by Noa Banayan, federal affairs manager
PeopleForBikes is closely monitoring the consequences of COVID-19 on the health and economic security of the United States, especially for those in and around the bicycle industry. We are working hard in Washington, D.C., where relief packages that could benefit bicycling are rapidly moving through the legislative process. We’re also working across the U.S. to ensure that bicycle retailers are considered “essential businesses” for those who want to remain open and for people who need to bike.
This blog covers recent federal actions that will affect your business operations and personnel management. That said, for more resources on how to advocate at the state level for “essential business” status and other policies that support the bike industry, check out our comprehensive resources page. PeopleForBikes has sent letters to most state governments urging them to recognize the essential roles that bike shops play in our communities.
Back to our federal update… On March 18, 2020, the Families First Coronavirus Response Act (FFCA) was signed into law by President Trump. This legislation provides additional paid sick leave and expanded Family and Medical Leave Act (FMLA) benefits for employees of small businesses. You can access the Department of Labor’s guidance on the law’s implementation here, as well as more information for employers and employees.
On March 27, President Trump signed into law the Coronavirus Aid, Relief, and Economic Security (CARES) Act, which provides $2 trillion in spending and tax provisions for companies and organizations of all sizes. This legislation includes a number of provisions that small businesses and employees in the bike industry may be able to take advantage of to help their business. Highlights are below and a full list of benefits are here.
- Small Business Administration (SBA) Paycheck Protection Program: Provides small businesses (500 employees or less) with funding to help retain workers and maintain payroll through loans to support salaries, paid sick or medical leave, insurance premiums, mortgage payments or other debt obligations.
- SBA Loan Forgiveness and Debt Relief: Provides loan forgiveness (for the amount spent during an eight-week period) on payroll costs, mortgage interest payments, rent and utilities. Additional funding for six months of payments is available for those holding existing SBA loans.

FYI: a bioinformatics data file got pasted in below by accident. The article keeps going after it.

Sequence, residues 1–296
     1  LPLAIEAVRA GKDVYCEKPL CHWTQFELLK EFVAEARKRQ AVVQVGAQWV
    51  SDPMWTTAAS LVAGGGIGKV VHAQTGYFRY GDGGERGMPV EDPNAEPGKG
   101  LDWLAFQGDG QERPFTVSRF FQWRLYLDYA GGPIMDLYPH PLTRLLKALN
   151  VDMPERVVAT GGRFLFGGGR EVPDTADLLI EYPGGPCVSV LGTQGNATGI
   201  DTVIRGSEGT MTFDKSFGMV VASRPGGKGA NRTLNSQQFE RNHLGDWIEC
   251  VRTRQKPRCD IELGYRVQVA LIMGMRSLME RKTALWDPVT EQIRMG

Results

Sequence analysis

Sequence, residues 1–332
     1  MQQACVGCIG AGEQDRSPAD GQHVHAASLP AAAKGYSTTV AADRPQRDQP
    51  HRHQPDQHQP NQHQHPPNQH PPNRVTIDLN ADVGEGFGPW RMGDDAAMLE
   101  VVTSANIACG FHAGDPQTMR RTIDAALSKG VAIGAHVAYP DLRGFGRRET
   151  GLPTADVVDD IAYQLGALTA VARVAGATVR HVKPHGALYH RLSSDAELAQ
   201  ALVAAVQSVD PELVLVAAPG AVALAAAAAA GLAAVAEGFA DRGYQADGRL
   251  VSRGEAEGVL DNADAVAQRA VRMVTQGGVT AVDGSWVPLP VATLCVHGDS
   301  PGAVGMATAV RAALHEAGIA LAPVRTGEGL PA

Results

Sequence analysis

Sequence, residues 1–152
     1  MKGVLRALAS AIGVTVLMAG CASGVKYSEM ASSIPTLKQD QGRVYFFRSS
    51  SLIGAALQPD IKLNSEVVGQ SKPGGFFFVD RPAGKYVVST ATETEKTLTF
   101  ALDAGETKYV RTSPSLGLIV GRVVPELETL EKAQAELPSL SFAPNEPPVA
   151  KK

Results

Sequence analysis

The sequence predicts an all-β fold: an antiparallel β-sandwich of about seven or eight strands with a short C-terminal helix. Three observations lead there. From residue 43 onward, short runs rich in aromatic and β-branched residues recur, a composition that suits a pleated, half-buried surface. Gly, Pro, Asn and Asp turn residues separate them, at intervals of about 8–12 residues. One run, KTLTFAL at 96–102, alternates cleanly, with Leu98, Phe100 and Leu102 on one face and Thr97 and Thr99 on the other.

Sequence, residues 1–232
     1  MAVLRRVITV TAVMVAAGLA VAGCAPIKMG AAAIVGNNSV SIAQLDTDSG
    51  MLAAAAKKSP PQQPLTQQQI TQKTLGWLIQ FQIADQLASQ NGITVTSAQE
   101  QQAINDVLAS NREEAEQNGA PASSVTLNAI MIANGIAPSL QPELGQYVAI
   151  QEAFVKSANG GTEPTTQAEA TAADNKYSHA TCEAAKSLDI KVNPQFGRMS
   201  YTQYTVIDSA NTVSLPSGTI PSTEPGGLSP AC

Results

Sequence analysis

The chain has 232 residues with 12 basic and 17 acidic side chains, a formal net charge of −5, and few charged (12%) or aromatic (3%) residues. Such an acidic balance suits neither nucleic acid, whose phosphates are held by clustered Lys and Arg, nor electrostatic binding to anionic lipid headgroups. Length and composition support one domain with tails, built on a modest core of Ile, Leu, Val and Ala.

- Employee Retention Payroll Tax Credit: Enables a tax credit of 50% of eligible wages (up to $10,000 per employee) for employees who have been retained by companies temporarily shut down by the government. There is no “double dipping” allowed with other credits.
- Social Security Tax Delay for Employers: Allows employers and self-employed individuals to delay payment of their portion of the Social Security tax for employees.
- Expansion of the SBA Economic Injury Disaster Loan: Allows for emergency grants (up to $10,000 per business for operating costs) administered by the SBA.
- Expanded Unemployment Insurance: Creates the Pandemic Unemployment Assistance Program, which would cover individuals not currently covered by Unemployment Insurance (UI). Also, provides an additional $600 per week payment for four months for anyone covered by the Pandemic Unemployment Assistance Program or UI.
We know uncertain times are ahead. We will continue to provide the information you need to make the best decisions for you, your employees and your company. Congress will most likely continue to develop additional stimulus packages in the coming weeks and months, and we will continue to push for provisions that will benefit your businesses, your employees, local infrastructure and more.
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